Happy Tuesday, everybody, and God Bless America.
It is said that Americans don't like titles.
A Kansas State University biochemist is improving biofuels with a promising crop: Camelina sativa. The research may help boost rural economies and provide farmers with a value-added product.
Imagine our government issuing a law requiring women to surgically remove their external genitalia.
We're taught as kids that lying is bad, that liars should be held accountable. But in Washington, lying is so endemic and so flagrant that the perpetrators are rarely even rebuked.
This just in! If you're willing to spend more money than you currently drop on Netflix, you can now get the Sarah Palin Channel online, which promises to "discuss the great issues of the day and work towards solutions."
On August 15 the Panama Canal (which greatly enhances maritime trade by providing a shortcut between the Atlantic and Pacific Oceans) celebrates the 100th anniversary of its opening.
Ah, summer. What a great time for boys to read "The Dangerous Book for Boys."
Let's wave bye-bye to July with a thigh-slapping salute to Curt Clawson, the tea party's latest contribution to the U.S. Congress. Rarely has a Republican white guy evinced such cluelessness about Americans of a different race.
In a move less surprising than hot dogs at a ballgame, the House of Representatives voted to give Speaker John Boehner the authority to sue the President of the United States. This isn't like a divorce, or a civil suit for money, it's more of a restraining order. They want Obama to quit trying to resuscitate the government they've been working so hard to render unconscious.
The language in the Obamacare statute has always been crystal clear. Eligibility for the "affordability tax credit," or subsidy, requires enrollment "through an Exchange established by the State under 1311 of the Patient Protection and Affordable Care Act." Identical language appears in the definition of a "coverage month," and every, single place subsidy eligibility is mentioned in the law.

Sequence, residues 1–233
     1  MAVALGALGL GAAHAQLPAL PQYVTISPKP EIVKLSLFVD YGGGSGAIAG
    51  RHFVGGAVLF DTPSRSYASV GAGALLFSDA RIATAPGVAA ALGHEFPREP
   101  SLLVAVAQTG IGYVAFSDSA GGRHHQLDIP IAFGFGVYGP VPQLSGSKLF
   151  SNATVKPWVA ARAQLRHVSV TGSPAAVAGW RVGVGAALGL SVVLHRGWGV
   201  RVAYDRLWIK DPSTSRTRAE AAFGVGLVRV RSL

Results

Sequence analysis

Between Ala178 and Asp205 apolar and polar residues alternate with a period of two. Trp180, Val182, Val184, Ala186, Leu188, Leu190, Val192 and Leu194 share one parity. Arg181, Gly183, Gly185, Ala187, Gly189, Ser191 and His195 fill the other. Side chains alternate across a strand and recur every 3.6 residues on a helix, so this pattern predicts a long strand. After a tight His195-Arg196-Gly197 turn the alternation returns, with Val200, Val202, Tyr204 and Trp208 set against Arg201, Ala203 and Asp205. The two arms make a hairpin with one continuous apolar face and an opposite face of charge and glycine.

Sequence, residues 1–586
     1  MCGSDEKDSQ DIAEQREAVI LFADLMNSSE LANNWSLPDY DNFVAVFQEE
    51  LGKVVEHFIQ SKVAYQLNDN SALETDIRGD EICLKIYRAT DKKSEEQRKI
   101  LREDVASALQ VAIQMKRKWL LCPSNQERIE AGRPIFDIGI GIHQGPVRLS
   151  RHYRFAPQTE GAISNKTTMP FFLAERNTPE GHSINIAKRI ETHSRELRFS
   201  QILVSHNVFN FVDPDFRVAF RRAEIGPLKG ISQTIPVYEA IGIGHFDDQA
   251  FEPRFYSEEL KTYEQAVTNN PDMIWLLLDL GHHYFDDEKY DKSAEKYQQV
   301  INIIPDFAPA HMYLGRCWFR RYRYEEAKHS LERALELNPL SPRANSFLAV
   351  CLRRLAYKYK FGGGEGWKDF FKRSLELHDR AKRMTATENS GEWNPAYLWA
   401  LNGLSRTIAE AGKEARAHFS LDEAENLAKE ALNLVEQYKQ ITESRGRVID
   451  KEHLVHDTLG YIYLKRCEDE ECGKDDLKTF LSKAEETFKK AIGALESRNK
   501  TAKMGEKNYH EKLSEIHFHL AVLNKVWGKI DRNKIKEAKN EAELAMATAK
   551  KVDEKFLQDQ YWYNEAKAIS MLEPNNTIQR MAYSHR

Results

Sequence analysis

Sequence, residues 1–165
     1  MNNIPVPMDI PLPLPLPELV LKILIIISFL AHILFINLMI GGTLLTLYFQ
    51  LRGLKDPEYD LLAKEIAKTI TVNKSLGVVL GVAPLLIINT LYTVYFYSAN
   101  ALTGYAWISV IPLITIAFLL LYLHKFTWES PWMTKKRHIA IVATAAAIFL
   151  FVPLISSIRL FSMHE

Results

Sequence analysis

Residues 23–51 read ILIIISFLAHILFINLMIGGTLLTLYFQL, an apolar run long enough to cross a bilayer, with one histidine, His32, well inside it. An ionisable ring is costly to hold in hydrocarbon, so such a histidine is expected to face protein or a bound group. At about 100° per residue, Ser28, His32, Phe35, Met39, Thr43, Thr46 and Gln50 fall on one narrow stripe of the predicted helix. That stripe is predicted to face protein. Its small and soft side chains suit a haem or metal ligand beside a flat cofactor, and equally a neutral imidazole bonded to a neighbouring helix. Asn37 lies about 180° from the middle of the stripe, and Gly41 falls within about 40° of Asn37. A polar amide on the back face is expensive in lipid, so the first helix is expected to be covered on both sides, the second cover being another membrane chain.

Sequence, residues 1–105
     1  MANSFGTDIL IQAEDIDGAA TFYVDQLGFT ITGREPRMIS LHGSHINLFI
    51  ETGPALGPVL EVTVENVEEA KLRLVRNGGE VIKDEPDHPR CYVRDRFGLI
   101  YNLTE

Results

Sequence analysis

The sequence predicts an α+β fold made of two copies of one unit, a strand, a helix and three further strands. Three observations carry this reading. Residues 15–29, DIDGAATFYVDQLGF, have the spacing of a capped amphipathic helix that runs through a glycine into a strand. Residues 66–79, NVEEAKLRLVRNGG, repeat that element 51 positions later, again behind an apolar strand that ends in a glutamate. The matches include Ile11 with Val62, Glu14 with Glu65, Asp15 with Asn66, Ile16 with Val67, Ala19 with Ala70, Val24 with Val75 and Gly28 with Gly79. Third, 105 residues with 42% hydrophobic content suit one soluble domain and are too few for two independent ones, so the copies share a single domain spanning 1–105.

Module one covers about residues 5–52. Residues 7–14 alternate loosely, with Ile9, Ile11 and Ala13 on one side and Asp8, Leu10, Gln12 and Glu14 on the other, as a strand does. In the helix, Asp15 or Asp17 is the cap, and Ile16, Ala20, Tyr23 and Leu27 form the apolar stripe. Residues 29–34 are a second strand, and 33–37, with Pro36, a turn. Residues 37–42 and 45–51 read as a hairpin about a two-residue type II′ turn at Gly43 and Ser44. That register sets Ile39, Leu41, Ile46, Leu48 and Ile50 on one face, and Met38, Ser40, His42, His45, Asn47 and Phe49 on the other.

Have you ever driven past a car crash and craned your neck to gawk? Felt guilty about indulging your morbid curiosity but did it anyway?
America's energy revolution has changed the global landscape. The U.S. has surpassed all expectations and achieved a level of domestic energy production that was unthinkable even five years ago. We are now the number one producer of oil and natural gas. Instead of importing liquefied natural gas (LNG) to supply our own power needs, we're now moving to support our allies overseas as an exporter of LNG and possibly even crude oil.
According to the ideas4writers website, August 12 marks the 75th anniversary of the U.S. premiere of MGM's "The Wizard of Oz." Ah, the memories start flowing.
Those of us who closely follow politics would do well to remember that most Americans are turned off and tuned out - especially in this midterm election year. And that's a symptom of a seriously sick democracy.
Men might be from Mars and women from Venus, but at least we're in the same solar system. When it comes to politics, liberals and conservatives can't agree on what the problems are much less solutions. We can blame the politicians for not making progress on the big issues of our time, but until Americans share a common truth about what those issues are we won't move an inch.
Since 1998 it has been prohibited by federal law for states and localities to tax Internet access. This policy, known as the Internet Tax Freedom Act, has been extended three times with broad bipartisan support. But it is set to expire again on November 1, and some Senate Democrats appear willing, this time, to allow it to actually expire if they can't use it to leverage an unrelated tax issue. It's a dangerous game that could cost taxpayers billions of dollars and worsen the digital divide by pricing some lower income Americans off of the Internet entirely.
It takes a special kind of jerk to market fear and exploit public ignorance in the midst of a health emergency - and, sure enough, members of this repellent American subspecies are already flapping their yaps.
Get this: Low expectations are the key to happiness.
The problem with a lie-even one that everyone agrees with-is that eventually you can't ignore the truth. Enron can't paper over debt and crashes. The housing bubble pops. Now, as the rush towards using standardized test scores to evaluate teachers turns into a retreat, it might be time to face that standardized tests are a lousy way to hold schools accountable.
More fun than fourteen barrels of flunkies watching our elected officials exit Washington like scared rats streaming out of a sewer to escape Godzilla. And really, who can blame them. Anybody who's ever spent a summer in DC can tell you the climate is real similar to Hell. With humidity. Then again, not sure even Hell has winged insects the size of footstools. It's not called Foggy Bottom because that's the first thing that springs to mind when Diane Feinstein walks away, you know.
The US government's decision to apply more sanctions on Russia is a grave mistake and will only escalate an already tense situation, ultimately harming the US economy itself. While the effect of sanctions on the dollar may not be appreciated in the short term, in the long run these sanctions are just another step toward the dollar's eventual demise as the world's reserve currency.